Arabic Calligraphy – Writing combined with art
Arabic Calligraphy combines writing (known as خطّ in Arabic, or “khatt”) with art. The Arabic word خَطّ (khatt) is derived from the term for ‘line’, ‘design’, or ‘construction’. It is an appropriate name, because one of the most striking features of the script is its use of lines, whether flowing with sweeping curves, or bold and angular.
Over the years, various forms of calligraphy developed. Each form is recognizable as a distinct script, with a unique look and defining characteristics. By understanding these defining features, you will be able to recognize the different styles of Arabic script. Each form was developed for different purposes and needs. Religious texts needed to be solemn and clear. Poetry called for a flowing shape and form for expression. Government documents required a written form that was difficult to counterfeit. A form of fast handwriting developed for taking notes. All of them follow the basic structure of the Arabic alphabet, but are uniquely adapted for specific contexts.
Timeless Beauty | الجمال الخالد of Arabic Calligraphy
Arabic calligraphy has an incredible allure for me. My fascination with the different Arabic scripts has come about from the intersection of several important areas of my life – living in Egypt, learning Arabic, enjoying art and history, and teaching courses about communication. I put together this 17-page introduction to Arabic Calligraphy and Scripts to give an overview of the various Arabic styles of writing, with their stylistic features and a few historical notes. It is intended as a very simple start for those who find Arabic or Islamic art and writing interesting.
- My fascination with Arabic calligraphy
- Historical background of the Arabic script
- Form and use of Arabic calligraphy
- How to recognize different script styles
- Kufic script
- Naskh script
- Thuluth script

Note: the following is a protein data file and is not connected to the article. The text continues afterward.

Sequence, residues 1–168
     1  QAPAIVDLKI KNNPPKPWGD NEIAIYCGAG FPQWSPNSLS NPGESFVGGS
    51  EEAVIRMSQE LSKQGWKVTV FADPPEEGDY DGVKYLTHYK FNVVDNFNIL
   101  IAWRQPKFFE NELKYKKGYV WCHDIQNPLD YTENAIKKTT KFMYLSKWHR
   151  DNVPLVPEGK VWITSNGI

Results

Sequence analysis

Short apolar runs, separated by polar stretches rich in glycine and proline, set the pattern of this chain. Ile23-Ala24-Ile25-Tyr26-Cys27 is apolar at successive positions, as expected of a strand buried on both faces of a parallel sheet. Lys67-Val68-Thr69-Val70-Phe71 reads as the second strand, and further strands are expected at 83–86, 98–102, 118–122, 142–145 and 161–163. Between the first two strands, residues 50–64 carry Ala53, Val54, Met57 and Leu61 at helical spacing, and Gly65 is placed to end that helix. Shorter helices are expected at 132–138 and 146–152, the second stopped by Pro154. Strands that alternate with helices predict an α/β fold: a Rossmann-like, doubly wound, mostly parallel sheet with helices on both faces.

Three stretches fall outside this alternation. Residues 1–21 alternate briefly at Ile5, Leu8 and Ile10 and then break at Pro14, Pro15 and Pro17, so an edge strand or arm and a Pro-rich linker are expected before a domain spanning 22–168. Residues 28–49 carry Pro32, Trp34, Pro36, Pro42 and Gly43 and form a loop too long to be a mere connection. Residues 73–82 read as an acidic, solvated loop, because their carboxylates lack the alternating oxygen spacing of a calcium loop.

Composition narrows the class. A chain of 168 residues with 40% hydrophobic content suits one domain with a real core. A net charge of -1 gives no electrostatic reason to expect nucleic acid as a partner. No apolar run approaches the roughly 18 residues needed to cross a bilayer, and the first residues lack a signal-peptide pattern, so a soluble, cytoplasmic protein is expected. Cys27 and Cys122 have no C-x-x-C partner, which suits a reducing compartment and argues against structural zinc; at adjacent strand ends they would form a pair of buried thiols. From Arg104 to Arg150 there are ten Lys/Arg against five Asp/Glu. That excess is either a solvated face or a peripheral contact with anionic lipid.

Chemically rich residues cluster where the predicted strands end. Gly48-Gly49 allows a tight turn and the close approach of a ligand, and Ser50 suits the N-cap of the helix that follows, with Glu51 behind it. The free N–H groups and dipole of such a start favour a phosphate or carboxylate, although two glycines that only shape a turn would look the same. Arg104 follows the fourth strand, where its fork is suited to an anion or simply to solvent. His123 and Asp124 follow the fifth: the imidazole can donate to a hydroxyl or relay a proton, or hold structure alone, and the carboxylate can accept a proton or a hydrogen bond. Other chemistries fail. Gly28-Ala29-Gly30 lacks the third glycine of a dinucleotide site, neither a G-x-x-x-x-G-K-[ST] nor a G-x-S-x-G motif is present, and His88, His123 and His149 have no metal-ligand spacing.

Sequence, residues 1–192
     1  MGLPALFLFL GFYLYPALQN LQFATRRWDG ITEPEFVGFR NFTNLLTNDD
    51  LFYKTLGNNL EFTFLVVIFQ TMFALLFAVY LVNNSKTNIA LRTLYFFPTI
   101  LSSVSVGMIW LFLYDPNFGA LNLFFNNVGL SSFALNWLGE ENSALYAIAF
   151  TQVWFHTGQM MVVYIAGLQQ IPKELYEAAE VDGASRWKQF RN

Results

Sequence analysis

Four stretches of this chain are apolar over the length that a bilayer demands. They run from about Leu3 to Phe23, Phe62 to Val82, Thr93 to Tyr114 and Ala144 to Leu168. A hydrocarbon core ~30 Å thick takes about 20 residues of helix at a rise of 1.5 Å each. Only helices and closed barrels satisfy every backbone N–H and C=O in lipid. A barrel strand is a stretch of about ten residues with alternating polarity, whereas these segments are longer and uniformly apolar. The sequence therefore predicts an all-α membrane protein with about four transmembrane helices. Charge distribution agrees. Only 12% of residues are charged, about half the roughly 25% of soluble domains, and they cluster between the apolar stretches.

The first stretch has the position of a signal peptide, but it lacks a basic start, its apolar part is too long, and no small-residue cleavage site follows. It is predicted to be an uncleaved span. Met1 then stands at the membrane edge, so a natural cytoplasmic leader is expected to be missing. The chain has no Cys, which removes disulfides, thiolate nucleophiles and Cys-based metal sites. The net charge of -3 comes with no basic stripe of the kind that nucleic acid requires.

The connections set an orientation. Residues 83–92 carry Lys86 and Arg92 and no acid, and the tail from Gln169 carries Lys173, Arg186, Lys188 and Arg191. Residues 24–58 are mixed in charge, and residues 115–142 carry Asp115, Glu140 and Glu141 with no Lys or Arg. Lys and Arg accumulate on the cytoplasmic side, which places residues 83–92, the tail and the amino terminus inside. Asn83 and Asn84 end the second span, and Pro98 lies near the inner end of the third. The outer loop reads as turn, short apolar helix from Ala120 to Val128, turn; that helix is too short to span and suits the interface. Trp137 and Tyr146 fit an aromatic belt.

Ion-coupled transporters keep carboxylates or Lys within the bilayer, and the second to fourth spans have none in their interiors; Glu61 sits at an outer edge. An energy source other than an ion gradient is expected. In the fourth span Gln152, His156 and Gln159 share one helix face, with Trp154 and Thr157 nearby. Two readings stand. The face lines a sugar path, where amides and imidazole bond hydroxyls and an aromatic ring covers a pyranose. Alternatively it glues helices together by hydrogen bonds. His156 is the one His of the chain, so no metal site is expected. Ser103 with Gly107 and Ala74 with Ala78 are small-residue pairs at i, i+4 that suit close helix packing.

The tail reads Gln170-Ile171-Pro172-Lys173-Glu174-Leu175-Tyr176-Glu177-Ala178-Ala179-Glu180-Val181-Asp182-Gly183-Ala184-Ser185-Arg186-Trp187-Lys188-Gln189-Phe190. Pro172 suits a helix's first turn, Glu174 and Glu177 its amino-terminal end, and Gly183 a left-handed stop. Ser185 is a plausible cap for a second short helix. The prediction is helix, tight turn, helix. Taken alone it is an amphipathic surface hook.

- Riq’ah script
- Diwani script
- Muhaqqaq script
- Nasta’liq script
- Maghribi script
- (each style contains notes on pronunciation, origin, form, use, and notes, as well as beautiful color illustrations from historical documents, architecture, etc.)
- Four steps to mastering Arabic calligraphy
The 10 Day Arabic Calligraphy Challenge
I am a teacher, and because of that I can’t just give you a PDF, without giving you a way to put that knowledge into action. That’s why I’ve put together the 10 Day Arabic Calligraphy Challenge. It starts when you sign up to receive the Timeless Beauty PDF.
Each day for 10 days, I will send you a real sample of Arabic script in use. All you need to do is identity what type of script it is. There are 8 different types shown in the Timeless Beauty guide. It will be one of those 8 types.
Each day, your challenge is:
a. To look at the sample, and attempt to name the Arabic script
b. Scroll down to the bottom of the email, where you will find the answer. Check and see if you got it right.
You don’t have to get the answer right. You just have to try. That’s how you learn.
At the end of 10 days, if you have made a real attempt each day to identify the sample (whether or not you got the answer correct), then you have succeeded! Send me a quick email (you can just reply to one of the 10 Day Challenge emails), and I will add your name to my Arabic Calligraphy Challenge Wall of Fame below. We’ll use the honor system, so be honest!
The Arabic Calligraphy Challenge Wall of Fame
Scott Harris – Alexandria, Egypt